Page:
To say we thoroughly enjoyed it would be an understatement. We even enjoyed the drive, the longest we’ve made for ages. In fact, Mirinda believed they’d moved the town further away it took us so long.

For anyone close by to Alresford, the restaurant is highly recommended. Their website is here: https://pulponegro.co.uk/. You won’t regret it.

But, returning to the cricket, the first day of the test resulted in only 17.4 overs being played during which England managed to lose one wicket (without score) and only 35 runs. There were no spectators. There may have been a few seagulls on the hand sanitiser dispensers on the boundary.

Prick of the week

I haven’t had call for one of these since Lockdown started, mainly because there’s been a reduction in cars on the road. However, today, for most of the day, this van was parked a bit across our drive and, for reasons known only to the driver, on the nature strip.

Now, I know the nature strip actually belongs to the council and I really shouldn’t care but, honestly, why can’t people learn to drive and park properly?

It belonged to a couple of tradesmen who were doing some work either next door or next door to next door. I should add that next door to next door is the arsehole who thinks it’s okay to trim his hedge at 9pm on a Saturday using his very noisy electric hedge trimmer. For this unreasonable reason, I’m blaming him.

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Tripleurospermum inodorum

Today I spent some time in the garden, a rare thing for me. I started ejecting an unwanted guest from the raised bed then just decided to continue with some weeding in the Garden of One Thousand Yaps. It meant a pleasant couple of hours in the not so hot sun.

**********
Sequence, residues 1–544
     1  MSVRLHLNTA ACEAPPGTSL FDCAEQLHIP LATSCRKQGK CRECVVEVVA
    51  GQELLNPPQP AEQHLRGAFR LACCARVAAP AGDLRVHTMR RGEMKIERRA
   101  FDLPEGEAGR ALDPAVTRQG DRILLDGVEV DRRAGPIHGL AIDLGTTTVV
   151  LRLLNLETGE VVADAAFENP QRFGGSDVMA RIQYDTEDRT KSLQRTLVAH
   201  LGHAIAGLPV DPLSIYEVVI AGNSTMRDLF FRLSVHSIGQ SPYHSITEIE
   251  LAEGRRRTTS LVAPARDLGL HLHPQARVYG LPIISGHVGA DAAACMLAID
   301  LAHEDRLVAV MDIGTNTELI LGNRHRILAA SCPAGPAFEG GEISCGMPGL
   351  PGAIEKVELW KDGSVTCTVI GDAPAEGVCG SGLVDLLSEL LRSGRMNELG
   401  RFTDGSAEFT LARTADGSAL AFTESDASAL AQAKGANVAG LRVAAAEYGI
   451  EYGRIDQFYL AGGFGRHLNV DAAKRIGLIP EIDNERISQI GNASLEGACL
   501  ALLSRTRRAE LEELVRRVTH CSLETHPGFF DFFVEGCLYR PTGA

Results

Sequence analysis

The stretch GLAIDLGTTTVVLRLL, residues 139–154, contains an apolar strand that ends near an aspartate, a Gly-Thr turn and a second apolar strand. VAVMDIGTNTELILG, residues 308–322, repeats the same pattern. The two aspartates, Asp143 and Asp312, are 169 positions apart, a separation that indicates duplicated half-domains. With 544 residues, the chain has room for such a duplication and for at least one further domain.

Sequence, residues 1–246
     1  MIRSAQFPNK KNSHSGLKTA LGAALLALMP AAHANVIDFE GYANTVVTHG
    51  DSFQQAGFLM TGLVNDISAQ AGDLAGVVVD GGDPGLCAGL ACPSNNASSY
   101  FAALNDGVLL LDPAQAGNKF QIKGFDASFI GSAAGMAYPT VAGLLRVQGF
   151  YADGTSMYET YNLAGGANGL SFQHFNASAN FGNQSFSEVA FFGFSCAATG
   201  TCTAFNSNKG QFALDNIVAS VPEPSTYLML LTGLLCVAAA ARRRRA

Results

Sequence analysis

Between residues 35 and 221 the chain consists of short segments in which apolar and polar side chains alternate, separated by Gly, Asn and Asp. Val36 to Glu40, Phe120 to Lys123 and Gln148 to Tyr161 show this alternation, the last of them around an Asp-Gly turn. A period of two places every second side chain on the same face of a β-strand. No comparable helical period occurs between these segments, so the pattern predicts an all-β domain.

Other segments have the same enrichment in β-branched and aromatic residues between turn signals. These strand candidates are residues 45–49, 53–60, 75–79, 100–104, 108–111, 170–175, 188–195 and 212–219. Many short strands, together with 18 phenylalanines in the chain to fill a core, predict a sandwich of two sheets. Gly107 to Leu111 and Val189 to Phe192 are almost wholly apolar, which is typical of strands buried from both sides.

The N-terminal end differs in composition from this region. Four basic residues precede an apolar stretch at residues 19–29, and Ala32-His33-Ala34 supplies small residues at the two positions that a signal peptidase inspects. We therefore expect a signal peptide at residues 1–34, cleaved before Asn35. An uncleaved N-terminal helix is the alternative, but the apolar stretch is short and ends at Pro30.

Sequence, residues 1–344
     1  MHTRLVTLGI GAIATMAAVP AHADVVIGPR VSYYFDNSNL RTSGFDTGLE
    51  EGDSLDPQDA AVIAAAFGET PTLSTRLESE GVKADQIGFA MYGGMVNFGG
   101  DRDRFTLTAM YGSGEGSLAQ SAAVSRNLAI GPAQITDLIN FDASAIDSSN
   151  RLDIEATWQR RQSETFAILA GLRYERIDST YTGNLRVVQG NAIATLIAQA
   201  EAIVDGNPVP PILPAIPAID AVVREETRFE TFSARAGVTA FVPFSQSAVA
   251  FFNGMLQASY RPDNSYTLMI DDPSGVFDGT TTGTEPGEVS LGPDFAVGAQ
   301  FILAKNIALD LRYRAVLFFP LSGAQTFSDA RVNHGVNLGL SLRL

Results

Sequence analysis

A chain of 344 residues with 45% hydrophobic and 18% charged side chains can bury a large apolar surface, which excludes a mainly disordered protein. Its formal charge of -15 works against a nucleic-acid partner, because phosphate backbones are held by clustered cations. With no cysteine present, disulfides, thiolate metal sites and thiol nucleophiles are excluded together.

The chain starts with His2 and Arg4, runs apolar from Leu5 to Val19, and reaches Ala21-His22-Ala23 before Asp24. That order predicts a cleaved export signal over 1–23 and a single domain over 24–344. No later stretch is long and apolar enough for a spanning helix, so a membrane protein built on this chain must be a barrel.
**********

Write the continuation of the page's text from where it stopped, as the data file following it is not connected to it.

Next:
The unwanted guest was a rather massive plant we hadn’t put into the raised bed. While the raised bed borders the Wildflower Patch, we’ve never seen it there so imagine it’s a Butt Seed weed.

It’s a very pretty plant, resembling a daisy more than anything. The leaves, however, resemble fennel, which I thought it was before the flowers appeared. The problem with it is the size.

The raised bed was basically in order to grow a line of lavender in well drained soil. Mirinda added some hornimums and, of course, the California poppies in order to temporarily fill the gaps. She was happy for the new plant to remain until it decided it wanted more than its fair share of the bed.

Mirinda had me PlantSnap it to determine what it was. Turns out it’s a Tripleurospermum inodorum, more commonly called False Mayweed. And while it’s very pretty it is somewhat dominant. It had to go.

I set myself up and set to work.

Before

Removal required a careful cutting away of the long stems, avoiding the other plants crowded beneath it. It was painstaking and laborious work, made pleasant by listening to The Curious cases of Rutherford and Fry while I worked away.